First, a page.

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U.S. Finds Abuses of 9/11 Detainees

Justice Dept. inquiry reveals many violations of immigrants' rights. Report shows officials early on feared people were being held unjustly.

June 03, 2003|Richard B. Schmitt and Richard A. Serrano | Times Staff Writers

WASHINGTON — Internal investigators at the Justice Department found "significant problems" in the way that scores of immigrants were detained after the Sept. 11 attacks, from excessive delays in the release of suspects to "a pattern of physical and verbal abuse" by some federal correctional officers.

The long-awaited report by the department's Office of the Inspector General found that immigration authorities and some midlevel Justice Department attorneys had concerns as early as the end of September 2001 that people without ties to terrorism were being held unnecessarily.

It portrayed some Justice Department officials as being either misinformed or indifferent to those concerns, with some operating under a "misperception" that immigrants were being cleared for release within a few days. The reality, the report found, was that it took an average of 80 days for the 762 people detained as part of the Sept. 11 probes to be released; for some, the process dragged on for as long as six months.

That left people in legal limbo, often without immediate access to lawyers, in a high-security federal facility under sometimes harsh conditions. Ultimately, nearly all were deported, after being charged with various immigration-law violations. Only a small fraction was charged with crimes. The report found that only 60% of the detainees were charged within an INS goal of 72 hours.

"Even in the hectic aftermath of the Sept. 11 attacks, we believe the FBI should have taken more care to distinguish between aliens who it actually suspected of having a connection to terrorism as opposed to aliens who, while possibly guilty of violating federal immigration law, had no connection to terrorism," Glenn A. Fine, the inspector general, said in the 198-page document.

Justice officials took strong exception to the report, and defended the terrorism investigation as proper and lawful.

"Under these unprecedented and extraordinary circumstances, the law was scrupulously followed and respected while aggressively protecting innocent Americans from another terrorist attack," Barbara Comstock, the department's public affairs director, said in a prepared statement.


'Detention Is Lawful'

"Those detained were illegal aliens. They were all charged with criminal violations or civil violations of federal immigration law," Comstock continued. "Detention of illegal aliens is lawful. We detained illegal aliens until it was determined they were not involved in terrorist activity, did not have relevant knowledge of terrorist activity, or it was determined that their removal was appropriate."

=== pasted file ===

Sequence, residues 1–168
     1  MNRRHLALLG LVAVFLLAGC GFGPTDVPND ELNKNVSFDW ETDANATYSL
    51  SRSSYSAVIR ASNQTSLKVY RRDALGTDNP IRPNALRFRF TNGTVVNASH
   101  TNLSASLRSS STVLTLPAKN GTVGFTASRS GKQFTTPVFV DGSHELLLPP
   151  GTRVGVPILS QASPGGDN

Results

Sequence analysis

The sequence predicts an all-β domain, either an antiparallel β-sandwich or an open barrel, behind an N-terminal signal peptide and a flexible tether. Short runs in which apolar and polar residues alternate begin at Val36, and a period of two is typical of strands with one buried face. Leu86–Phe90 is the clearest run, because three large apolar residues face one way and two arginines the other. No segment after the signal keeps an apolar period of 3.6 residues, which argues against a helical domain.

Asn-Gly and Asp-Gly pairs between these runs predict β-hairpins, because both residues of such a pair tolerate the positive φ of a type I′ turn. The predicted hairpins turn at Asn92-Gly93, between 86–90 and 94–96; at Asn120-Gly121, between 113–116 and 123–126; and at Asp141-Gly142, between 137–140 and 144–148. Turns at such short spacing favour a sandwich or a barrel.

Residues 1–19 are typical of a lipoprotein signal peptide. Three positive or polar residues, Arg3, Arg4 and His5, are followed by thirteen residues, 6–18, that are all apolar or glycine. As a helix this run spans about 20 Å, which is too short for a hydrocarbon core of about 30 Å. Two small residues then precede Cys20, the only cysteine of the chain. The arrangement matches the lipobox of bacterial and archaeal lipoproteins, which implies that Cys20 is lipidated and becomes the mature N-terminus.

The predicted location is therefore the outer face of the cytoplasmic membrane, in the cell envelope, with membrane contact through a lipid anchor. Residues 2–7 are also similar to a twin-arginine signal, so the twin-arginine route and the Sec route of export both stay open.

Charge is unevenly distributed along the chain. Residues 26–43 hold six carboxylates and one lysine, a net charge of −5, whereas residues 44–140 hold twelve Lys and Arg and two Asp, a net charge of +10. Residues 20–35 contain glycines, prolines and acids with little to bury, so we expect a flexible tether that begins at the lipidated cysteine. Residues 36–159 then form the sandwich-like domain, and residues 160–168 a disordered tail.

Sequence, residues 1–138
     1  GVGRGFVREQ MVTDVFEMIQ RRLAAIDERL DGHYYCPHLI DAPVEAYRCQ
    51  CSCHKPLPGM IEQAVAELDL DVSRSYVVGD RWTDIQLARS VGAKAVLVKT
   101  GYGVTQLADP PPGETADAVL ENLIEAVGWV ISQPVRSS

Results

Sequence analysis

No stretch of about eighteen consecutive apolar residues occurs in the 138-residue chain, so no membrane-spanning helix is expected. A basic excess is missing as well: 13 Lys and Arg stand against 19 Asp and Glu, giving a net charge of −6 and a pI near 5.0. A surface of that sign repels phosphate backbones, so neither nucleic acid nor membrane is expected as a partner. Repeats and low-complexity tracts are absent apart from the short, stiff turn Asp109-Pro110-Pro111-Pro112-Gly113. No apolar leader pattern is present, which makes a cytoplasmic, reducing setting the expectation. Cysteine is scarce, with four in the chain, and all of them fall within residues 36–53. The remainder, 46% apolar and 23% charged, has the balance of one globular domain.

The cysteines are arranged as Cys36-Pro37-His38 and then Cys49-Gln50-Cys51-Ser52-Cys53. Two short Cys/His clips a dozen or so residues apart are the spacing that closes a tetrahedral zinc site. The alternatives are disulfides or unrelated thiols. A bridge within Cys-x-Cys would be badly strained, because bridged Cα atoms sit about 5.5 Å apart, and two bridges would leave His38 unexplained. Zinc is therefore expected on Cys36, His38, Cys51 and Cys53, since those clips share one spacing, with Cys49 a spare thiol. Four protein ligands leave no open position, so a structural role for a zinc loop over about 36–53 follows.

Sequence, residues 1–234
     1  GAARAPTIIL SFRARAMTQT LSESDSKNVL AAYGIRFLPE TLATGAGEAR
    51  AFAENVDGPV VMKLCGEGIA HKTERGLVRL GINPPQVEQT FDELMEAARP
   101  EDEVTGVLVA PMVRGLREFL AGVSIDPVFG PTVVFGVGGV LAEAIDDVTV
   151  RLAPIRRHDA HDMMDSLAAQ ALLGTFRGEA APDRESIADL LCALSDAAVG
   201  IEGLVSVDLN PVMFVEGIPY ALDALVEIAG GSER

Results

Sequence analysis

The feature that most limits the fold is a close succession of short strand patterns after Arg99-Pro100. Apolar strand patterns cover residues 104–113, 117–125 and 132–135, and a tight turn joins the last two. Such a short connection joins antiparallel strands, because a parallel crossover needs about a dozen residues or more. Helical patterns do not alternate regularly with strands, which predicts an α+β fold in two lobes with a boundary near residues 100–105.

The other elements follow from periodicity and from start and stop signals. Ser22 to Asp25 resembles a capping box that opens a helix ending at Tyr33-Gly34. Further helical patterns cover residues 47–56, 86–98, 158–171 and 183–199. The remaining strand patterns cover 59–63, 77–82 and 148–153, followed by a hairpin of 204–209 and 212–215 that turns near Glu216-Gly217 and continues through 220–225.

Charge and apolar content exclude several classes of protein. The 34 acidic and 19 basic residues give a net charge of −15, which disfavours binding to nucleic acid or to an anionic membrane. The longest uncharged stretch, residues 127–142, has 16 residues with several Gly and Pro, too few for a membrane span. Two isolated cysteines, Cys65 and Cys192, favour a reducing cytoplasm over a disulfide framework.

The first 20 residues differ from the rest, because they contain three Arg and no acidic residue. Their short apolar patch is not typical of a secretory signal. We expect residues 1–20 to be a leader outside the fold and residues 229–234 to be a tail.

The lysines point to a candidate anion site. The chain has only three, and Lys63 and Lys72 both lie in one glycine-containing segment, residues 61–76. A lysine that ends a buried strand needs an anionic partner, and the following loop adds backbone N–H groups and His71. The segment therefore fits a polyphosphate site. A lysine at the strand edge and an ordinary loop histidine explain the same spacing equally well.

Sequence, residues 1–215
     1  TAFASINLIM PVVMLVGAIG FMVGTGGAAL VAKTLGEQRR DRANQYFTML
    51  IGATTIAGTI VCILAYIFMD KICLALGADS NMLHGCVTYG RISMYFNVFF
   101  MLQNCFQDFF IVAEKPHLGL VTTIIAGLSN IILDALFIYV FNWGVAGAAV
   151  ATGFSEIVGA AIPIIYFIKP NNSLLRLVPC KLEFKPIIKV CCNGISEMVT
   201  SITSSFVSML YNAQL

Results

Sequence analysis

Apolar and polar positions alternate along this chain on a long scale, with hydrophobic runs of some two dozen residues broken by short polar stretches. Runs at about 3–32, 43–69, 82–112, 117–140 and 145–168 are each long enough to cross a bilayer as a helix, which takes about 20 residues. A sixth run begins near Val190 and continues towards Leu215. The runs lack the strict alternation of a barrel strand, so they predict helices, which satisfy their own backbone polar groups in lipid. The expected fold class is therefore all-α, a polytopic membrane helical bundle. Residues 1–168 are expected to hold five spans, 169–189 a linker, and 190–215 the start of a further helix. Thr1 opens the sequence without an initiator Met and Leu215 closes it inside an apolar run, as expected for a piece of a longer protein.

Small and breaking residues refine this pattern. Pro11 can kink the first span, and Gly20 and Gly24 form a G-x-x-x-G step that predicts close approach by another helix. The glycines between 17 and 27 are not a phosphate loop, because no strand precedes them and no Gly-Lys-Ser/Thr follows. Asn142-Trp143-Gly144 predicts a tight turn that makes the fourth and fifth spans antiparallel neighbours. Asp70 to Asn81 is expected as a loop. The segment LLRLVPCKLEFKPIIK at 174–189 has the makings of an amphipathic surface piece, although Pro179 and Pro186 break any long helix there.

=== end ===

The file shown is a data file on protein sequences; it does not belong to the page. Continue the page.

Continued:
The report recommended a series of changes in policies ranging from ranking detainees by the threat they posed to developing special procedures for confining immigrants with suspected terrorist ties. Justice Department officials said some of the recommendations are already being put into effect.

The inspector's office is the department's investigative arm, probing alleged violations of fraud, abuse and integrity laws that govern operations and employees. Although its work most often results in suggested policy changes, it also is empowered to bring criminal cases. In its latest report, the office said it considered bringing criminal charges against certain unidentified prison guards, but declined to do so. Officials are considering administrative action against them.

To immigrant and civil rights groups, the report vindicated allegations -- now pending in civil suits against the government -- that in the bid to root out the Sept. 11 culprits and to avoid other disastrous attacks, officials often ignored immigrants' civil liberties.

"The detain-first, ask-questions-later approach resulted in unjust treatment of detainees and tied the bureaucracy in knots," said Elisa Massimino, director of the Washington office of the Lawyers Committee for Human Rights. "It is not an effective way to combat terrorism."

The American Civil Liberties Union said the report marked "a major scandal for the Bush administration."

The report was launched in March 2002 and included interviews with more than 50 top officials. It focused on INS detainees at two facilities -- the Metropolitan Detention Center federal prison in Brooklyn, and the Passaic County Jail in Paterson, N.J. Compared with the Brooklyn facility, aliens housed at the Passaic jail in New Jersey, which had prior experience with immigrants, received generally far better treatment, the report found.

The two facilities held 475 of the 762 aliens detained after the Sept. 11 attacks. At one point, Justice officials estimated that as many as 1,200 "citizens and aliens" were detained for questioning.

The detainees -- none of whom were identified -- came from 20 countries, with Pakistan being the country of origin of about one-third. Most were from 26 to 40 years old and were arrested in the first three months after the terrorist attacks. The maximum time served was 244 days.

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